With someone along who can bail them out, if necessary, our people must get started. It is then that things begin to happen! The man to whom I referred earlier testified after such training, “I used to be the kind of Christian who was afraid he’d have an opportunity to witness. Now I look for it.” But without the next aspect of training the procedure won’t last long. So one must:

d. Keep them going. At the beginning of almost any proiect there is enthusiasm. Something new is going on and everyone’s interested. But most people sooner or later get discouraged and need something to keep them going. This means letting them know they are appreciated, praying for them, dropping them a line occasionally, telephoning an encouraging word. In other words: lead them, shepherd them.

Article continues below

One indispensable step remains:

e. Make sure they pass it on. We must leam spiritual mathematics. Mere addition to the Body will never keep up with population explosion and the needs of fellow believers. The only hope is: spiritual multiplication.

Working with individuals doesn’t appeal to some of us. “Take all that time for one or two other people? Give me forty or fifty and I’ll consider it.” When we share our lives and ministries with our people, the spiritual pipeline is not to stop there. They are to pass the message on. I have found that when they are adequately trained this is precisely what they want to do.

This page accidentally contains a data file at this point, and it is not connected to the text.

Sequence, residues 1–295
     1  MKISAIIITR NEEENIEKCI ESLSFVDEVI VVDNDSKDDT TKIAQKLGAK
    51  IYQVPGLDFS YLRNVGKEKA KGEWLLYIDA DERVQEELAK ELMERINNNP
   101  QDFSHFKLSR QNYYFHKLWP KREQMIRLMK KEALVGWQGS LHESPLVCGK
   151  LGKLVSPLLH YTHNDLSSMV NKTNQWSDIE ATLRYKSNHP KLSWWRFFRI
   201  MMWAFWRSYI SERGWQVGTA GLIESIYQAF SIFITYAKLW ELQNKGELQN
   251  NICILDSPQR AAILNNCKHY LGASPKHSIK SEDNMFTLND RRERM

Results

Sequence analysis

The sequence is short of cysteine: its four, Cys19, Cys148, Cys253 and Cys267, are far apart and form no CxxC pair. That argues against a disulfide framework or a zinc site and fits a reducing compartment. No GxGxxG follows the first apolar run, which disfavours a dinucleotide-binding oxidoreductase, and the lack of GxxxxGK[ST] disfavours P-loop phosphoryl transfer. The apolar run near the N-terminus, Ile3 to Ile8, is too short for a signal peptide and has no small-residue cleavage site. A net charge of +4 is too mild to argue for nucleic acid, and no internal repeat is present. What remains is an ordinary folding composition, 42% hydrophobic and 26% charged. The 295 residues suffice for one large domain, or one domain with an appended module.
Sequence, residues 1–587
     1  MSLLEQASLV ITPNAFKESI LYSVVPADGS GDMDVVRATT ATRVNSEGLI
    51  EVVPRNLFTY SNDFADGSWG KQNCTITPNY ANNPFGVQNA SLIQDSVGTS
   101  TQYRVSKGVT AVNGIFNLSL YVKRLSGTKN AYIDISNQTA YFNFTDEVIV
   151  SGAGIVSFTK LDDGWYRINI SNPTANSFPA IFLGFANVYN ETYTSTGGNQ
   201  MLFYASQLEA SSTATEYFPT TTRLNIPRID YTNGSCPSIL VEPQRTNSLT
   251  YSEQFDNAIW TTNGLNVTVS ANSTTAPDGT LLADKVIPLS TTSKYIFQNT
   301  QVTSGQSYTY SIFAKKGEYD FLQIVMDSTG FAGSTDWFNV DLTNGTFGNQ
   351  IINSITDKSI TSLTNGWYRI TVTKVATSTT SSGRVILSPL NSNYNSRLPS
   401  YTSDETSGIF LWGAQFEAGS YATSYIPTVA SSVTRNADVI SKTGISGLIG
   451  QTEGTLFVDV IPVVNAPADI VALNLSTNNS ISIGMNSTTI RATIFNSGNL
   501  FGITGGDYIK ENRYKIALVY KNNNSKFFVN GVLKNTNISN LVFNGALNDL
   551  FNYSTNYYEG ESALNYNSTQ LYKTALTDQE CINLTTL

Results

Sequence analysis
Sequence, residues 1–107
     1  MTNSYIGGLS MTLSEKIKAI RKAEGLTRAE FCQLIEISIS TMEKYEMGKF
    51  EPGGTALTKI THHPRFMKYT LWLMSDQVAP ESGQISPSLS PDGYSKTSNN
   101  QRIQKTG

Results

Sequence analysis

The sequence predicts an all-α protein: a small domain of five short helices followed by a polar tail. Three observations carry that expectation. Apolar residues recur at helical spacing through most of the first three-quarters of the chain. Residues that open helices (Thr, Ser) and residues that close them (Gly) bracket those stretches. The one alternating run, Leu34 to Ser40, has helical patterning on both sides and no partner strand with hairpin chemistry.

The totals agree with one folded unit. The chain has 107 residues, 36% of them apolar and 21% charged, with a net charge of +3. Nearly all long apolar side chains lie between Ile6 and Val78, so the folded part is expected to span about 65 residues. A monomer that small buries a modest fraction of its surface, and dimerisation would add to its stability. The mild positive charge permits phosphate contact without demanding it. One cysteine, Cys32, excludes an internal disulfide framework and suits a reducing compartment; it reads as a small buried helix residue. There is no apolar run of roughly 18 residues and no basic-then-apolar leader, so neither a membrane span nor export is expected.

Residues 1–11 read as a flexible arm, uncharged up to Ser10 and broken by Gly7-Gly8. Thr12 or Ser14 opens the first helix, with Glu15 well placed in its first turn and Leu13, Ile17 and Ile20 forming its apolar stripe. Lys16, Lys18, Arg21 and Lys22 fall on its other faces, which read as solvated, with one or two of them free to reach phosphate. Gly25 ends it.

9. Lead by example.

Peter counsels us as elders not only to “shepherd” but “to be examples to the flock” (1 Pet. 5:1–4). Equipping saints for work of Service is something that cannot be done by exhortation alone. Be out there leading the way, and when you’ve selected the right ones, they’ll follow.

10. Wait patiently for results.

When do we want to see fruit from our labors? Yesterday! Outfitting fellow believers for work of service is not something that can be rushed. It takes time and lots of it. Decide to invest not days and weeks, but years. Learn not only to wait but to wait patiently while you rest in the Lord (Psa. 37:7a).

Peter reminds us that “Christ also suffered for you, leaving you an example for you to follow in his Steps” (1 Pet. 2:21). What kind of example did our Lord leave at this point? In Mark 3:14 we read, “And he appointed twelve, that they might be with him, and that he might send them out to preach.” Note the Order: “with him” precedes “send them out.” When it comes to outfitting spiritual soldiers for the work of service, the one place most of our people are not is “with us.” They are with us in committee meetings, Services, board meetings, and social events, but not when they ought to be with us in Order to be equipped.

What can a layman do? With proper training the right person in the right Position can fulfill what God has called him to do. Next month I will give some illustrations of how God has used laymen in my life and in our ministry.—The Rev. C. MARLIN HARDMAN, pastor, Barcroft Bible Church, Arlington, Virginia.

Have something to add about this? See something we missed? Share your feedback here.

Our digital archives are a work in progress. Let us know if corrections need to be made.